I did it MySpace

Written by Chris Caines

May 6, 2006 | 09:46

Tags: #column #delicious #diary #flickr #journal #lastfm #web-20

Companies: #digg #ebay #myspace

You know, there really is something intriguing about all this Web 2.0 malarky. I'm not talking in a tag driven, collaborative virtual application way (ok, you got me, I couldn't think of a way to get Ajax and Ruby On Rails in there), but in the way that with all this freedom of data, I can just be plain nosey.

Everyone these days is a blogger, using flickr, listening to last.fm, posting on MySpace, Digg-ing this and del.icio.us'ing that. People are permalinking each other, adding friends, commenting and recommending music until their poor little fingers bleed. All these of course link to more and more people again until you realise you're hopping from person to person like a virus and building a picture of their entire lives.

"Link to an eBay auction and their purchase history is right there, listing everything from cute little porcelain puppies to a new pair of Golf shoes. I'm hooked."

If you're the inquisitive type like me, entire evenings can be whittled away just by starting somewhere relatively innocent, like MySpace. Obviously it's a veritable minefield out there but stumble on the right page and you really can end up down the proverbial rabbit hole.

Picture this; a site which was just an average twenty-something's MySpace page, with a blog on it. I get reading and it turns out she's not going to university because she wants to stay in town and get a job, so she can hang out with her friends who aren't going away. After reading this, like reading a work of fiction, you suddenly find yourself becoming emotionally involved with the situation. It's true, Rachel really is being a bitch about the fact she wants to stay and Emily, who recently split up with her boyfriend, has said she'll rent a flat with her if it'll help her out. I like Emily, she sounds like a good friend and her boyfriend sounds like a complete idiot, especially if his own blog is anything to go by. It has a hell of a lot of comments on it from other girls, positive comments. I can't believe he's not followed up on a few of those offers behind her back.

It doesn't stop there, some tag their Xbox 360 gamercards onto their site and I can take a look at what games they're playing and how good they are at them. Link to an eBay auction and their purchase history is right there, listing everything from cute little porcelain puppies to a new pair of Golf shoes. I'm hooked.

By now, I'm reading the blog of everyone involved, I'm building up a matrix of friends and enemies, with a detailed analysis of how they feel about each other from their various comments. It begins to get even more interesting when these people link to their last.fm accounts and Flickr photostreams. Now I know what they look like, who their friends are, what kind of parties they have, what car they drive and how sunset looks over the river you can see from their local park.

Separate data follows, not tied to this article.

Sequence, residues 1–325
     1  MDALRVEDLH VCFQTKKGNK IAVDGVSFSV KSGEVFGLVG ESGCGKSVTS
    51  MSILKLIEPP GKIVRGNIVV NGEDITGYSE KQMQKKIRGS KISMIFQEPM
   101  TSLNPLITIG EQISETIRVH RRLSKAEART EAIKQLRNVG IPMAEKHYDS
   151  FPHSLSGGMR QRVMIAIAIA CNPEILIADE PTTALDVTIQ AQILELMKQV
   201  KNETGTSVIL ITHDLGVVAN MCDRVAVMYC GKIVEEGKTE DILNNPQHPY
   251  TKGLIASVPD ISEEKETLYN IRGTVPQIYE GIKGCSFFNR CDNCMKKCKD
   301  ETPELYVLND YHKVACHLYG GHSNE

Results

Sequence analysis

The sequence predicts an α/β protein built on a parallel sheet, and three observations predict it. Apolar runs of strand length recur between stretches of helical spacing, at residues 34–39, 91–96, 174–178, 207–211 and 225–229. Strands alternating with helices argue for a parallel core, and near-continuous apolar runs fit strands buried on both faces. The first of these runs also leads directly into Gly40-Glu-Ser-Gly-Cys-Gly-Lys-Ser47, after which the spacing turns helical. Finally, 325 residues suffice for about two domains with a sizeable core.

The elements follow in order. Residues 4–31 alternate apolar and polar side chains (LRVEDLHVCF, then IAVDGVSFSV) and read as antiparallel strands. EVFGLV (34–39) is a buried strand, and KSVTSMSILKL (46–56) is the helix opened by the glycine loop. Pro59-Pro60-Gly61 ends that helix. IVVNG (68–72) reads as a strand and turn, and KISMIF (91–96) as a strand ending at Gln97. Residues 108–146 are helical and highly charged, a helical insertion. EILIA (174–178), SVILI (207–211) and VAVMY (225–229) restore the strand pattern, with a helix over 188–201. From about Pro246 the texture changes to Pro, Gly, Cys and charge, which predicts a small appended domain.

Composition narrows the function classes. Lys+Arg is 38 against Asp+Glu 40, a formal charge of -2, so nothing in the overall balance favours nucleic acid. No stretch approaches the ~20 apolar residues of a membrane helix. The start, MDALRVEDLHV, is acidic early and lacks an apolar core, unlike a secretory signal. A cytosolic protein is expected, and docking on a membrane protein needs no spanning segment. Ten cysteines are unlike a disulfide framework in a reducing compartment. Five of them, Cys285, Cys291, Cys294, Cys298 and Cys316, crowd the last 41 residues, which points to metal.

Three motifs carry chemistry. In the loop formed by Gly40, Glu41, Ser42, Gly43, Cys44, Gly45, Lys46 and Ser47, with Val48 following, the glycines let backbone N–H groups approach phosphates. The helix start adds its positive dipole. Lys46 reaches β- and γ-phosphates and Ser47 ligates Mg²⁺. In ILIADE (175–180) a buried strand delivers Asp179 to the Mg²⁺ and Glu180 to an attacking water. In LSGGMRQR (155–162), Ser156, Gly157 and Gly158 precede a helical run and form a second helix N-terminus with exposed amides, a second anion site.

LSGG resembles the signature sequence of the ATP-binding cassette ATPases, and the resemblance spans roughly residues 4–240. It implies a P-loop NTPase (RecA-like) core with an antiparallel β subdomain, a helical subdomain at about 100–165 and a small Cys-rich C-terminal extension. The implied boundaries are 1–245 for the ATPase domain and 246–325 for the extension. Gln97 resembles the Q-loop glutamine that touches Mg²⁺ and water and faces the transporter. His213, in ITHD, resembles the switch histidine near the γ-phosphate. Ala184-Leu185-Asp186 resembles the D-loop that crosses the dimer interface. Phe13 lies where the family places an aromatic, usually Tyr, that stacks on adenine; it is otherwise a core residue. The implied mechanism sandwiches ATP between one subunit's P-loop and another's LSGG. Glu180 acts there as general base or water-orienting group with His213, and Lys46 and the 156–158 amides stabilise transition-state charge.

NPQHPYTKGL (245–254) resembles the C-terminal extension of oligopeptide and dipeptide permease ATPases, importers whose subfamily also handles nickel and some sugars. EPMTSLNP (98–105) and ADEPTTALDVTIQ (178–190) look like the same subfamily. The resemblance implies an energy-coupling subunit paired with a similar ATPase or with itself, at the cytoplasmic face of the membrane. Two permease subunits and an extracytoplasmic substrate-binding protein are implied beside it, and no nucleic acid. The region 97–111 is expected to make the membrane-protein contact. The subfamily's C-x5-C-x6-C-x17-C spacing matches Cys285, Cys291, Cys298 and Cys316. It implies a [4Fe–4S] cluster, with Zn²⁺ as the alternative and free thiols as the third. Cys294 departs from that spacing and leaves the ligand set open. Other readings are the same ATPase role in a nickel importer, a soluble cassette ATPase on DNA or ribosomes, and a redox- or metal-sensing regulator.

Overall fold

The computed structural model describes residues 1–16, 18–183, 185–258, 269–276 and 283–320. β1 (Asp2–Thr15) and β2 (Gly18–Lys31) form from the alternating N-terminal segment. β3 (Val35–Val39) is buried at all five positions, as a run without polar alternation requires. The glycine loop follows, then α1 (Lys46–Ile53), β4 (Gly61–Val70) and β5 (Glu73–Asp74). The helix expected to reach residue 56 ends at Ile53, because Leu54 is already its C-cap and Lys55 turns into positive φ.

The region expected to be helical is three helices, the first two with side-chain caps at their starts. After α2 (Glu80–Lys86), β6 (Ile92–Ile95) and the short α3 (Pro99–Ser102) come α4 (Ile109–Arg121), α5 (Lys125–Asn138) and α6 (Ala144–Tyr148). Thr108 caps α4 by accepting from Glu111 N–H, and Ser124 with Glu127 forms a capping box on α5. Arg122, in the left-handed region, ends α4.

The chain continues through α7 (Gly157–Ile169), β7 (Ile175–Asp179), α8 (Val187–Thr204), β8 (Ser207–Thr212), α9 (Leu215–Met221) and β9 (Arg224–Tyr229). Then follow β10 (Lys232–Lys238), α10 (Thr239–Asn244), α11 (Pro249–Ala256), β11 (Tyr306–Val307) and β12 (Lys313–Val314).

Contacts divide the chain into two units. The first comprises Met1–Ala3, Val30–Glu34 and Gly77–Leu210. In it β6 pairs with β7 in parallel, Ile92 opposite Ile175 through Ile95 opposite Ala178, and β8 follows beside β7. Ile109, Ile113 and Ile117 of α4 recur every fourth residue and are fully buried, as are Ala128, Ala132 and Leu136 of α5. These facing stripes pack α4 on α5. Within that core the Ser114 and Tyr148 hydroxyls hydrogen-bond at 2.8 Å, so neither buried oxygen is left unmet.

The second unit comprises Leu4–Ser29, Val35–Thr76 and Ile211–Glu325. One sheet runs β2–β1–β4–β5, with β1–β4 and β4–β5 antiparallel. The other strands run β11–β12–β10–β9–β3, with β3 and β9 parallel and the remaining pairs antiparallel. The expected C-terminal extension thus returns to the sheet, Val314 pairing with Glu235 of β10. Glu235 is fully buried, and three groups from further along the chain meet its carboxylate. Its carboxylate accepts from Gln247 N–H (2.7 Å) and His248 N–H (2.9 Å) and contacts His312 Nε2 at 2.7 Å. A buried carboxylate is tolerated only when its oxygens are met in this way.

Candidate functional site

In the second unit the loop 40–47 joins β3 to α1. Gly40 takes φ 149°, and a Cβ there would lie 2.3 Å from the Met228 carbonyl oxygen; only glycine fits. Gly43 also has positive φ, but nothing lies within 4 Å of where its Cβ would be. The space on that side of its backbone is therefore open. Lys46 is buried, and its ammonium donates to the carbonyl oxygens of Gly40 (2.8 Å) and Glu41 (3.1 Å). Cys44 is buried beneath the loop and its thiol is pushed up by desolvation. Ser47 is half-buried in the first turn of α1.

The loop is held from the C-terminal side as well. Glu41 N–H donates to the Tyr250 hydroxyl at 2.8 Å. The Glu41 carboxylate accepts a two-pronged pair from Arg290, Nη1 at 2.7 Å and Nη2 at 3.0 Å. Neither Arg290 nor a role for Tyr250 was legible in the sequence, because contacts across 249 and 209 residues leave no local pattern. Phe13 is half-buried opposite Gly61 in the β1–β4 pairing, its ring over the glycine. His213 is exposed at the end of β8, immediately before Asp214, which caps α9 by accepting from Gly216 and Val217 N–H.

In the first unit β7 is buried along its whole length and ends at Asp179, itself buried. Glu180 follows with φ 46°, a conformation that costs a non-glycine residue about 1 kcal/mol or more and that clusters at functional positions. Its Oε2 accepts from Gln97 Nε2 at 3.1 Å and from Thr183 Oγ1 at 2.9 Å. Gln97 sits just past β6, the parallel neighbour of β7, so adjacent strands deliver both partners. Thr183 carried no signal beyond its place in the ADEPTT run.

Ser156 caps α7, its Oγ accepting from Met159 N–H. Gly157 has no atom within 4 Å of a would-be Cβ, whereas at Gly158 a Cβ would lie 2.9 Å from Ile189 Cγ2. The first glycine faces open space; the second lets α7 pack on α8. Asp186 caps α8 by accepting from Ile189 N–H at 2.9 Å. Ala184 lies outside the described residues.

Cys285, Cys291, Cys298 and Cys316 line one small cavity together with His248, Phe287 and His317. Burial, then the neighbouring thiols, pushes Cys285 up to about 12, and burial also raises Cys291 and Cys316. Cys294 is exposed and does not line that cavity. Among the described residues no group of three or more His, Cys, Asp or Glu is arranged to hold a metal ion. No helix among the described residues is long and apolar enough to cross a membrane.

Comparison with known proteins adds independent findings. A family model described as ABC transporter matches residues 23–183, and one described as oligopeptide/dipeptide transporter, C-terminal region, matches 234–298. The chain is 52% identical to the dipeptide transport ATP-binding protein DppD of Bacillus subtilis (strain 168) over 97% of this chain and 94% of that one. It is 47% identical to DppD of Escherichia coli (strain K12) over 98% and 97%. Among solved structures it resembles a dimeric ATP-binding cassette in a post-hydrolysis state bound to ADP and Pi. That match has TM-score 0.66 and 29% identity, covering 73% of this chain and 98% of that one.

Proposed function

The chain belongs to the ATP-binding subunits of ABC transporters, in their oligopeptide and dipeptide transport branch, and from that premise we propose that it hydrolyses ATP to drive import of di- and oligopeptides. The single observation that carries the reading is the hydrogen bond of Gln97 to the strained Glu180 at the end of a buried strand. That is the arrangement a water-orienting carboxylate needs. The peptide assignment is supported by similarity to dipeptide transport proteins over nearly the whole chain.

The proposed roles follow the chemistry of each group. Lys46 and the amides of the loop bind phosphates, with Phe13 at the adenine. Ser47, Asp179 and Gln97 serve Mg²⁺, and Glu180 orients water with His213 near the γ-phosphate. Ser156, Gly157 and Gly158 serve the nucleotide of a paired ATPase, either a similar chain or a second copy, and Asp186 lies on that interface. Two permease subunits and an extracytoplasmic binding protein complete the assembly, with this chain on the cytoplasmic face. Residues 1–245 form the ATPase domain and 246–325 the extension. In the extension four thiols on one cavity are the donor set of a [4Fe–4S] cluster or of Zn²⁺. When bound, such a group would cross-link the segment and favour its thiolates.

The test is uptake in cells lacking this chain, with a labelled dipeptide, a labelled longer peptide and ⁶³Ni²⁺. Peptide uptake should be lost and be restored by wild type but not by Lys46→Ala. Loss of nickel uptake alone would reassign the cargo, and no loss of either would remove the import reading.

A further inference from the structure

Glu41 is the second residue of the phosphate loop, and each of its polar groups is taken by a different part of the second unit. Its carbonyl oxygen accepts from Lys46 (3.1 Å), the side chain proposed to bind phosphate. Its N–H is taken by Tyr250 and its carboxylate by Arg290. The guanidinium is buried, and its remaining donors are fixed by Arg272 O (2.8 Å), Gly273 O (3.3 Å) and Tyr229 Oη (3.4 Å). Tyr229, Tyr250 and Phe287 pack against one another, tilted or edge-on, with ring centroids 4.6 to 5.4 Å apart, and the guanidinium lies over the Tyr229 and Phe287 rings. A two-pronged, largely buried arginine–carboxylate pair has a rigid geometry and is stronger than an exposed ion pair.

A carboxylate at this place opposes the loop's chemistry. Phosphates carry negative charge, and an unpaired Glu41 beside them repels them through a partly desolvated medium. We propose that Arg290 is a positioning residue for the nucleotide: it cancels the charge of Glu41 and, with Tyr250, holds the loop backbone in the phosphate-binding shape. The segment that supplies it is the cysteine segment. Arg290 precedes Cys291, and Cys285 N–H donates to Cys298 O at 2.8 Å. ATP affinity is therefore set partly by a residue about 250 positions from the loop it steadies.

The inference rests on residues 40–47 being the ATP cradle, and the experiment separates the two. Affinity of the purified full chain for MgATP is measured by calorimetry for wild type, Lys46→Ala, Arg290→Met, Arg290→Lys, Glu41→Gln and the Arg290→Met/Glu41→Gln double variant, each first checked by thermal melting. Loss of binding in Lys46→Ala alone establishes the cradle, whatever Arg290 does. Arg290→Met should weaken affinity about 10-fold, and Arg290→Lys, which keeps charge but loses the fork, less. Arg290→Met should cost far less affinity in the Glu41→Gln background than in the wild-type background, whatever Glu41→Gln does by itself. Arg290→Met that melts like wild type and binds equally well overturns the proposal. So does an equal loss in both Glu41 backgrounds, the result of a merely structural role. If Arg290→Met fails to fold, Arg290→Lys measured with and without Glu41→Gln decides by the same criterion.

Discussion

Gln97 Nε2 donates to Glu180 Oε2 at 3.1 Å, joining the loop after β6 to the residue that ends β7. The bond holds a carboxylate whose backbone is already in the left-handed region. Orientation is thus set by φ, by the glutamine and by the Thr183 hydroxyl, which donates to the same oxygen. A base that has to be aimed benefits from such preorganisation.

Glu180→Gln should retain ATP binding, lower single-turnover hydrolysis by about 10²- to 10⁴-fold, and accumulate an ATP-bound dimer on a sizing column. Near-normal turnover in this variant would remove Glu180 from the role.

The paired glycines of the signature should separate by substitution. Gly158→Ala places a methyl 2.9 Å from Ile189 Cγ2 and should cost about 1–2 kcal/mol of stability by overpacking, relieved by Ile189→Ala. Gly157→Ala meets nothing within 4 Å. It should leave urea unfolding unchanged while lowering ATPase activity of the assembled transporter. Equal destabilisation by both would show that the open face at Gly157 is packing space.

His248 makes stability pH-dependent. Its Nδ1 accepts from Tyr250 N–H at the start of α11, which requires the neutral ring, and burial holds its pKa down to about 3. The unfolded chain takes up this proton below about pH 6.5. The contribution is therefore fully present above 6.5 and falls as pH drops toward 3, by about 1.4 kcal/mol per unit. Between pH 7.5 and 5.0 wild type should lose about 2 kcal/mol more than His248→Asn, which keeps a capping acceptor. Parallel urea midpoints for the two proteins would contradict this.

Last.fm tells me what music they're listening to; Rachel is no surprise and listens to the kind of rebellious pop trash which you would expect of her. Emily is more subdued and seems to be listening to several bands recently which aren't on her ex-boyfriends list. The week before that of course, it was a different story as they spend time listening to love songs.
Ok, none of the above is actually true. These people don't exist, and for good reason, largely because I don't want to come across as a psycho stalker. However, I do know that the above is not only possible, but I've certainly spent time following the lives and loves of people online. Their stories unfold like untangling a knot of cables, with every fiddly step finding links back to someone else, or a whole new line to follow in itself until it all unravels and you find out where everything actually goes.

This is what I find so confusing. We live in a day of privacy, anonymity, where identity fraud, grooming, cyberstalking and online bullying are not only rife, they're serious concerns for everyone. Yet so many people seem to be happy to share their innermost feelings with everyone on the Internet. I don't know these people, but some of them I feel like I could meet in a pub and tell them more about their lives than some of their friends.

Is that right, doesn't that bother people? So many posters say "Don't judge me, you don't know me!" whilst simultaneously blogging about how much they hate the Xbox, Fast Food, Asian people or the Government.

Don't I know you?

"It's a world of virtual one-upmanship where people battle with their dreams, desires and emotions in order to look more interesting than the rest of the world."

In short, I don't think it does bother people. The desire to be famous, open and honest... the drive to be someone, anyone that people talk about on the Internet washes all that away and in the end the only thing that matters is having more friends, sexier pictures and cooler music tastes than everyone else.

We're witnessing a war of virtual one-upmanship where people battle using the weapons of dreams, desires and emotions in order to look more interesting than the rest of the world. Who else went through their teen years assuming no-one understood them? Now millions of us can understand the young adults of today.

And the scary part? It's compelling. It's a real-life teen movie where, to the hollywood rose-tinted viewers, no-one really gets hurt and there's always a happy ending... Or is there?

I always said you'd achieved something when you had a biography written about you, because an autobiography of Joe User would simply be really boring. Now, everyone is writing an autobiography of their lives which, when they die, will be a more complete and accurate representation of themselves than a simple book could ever hope to convey.
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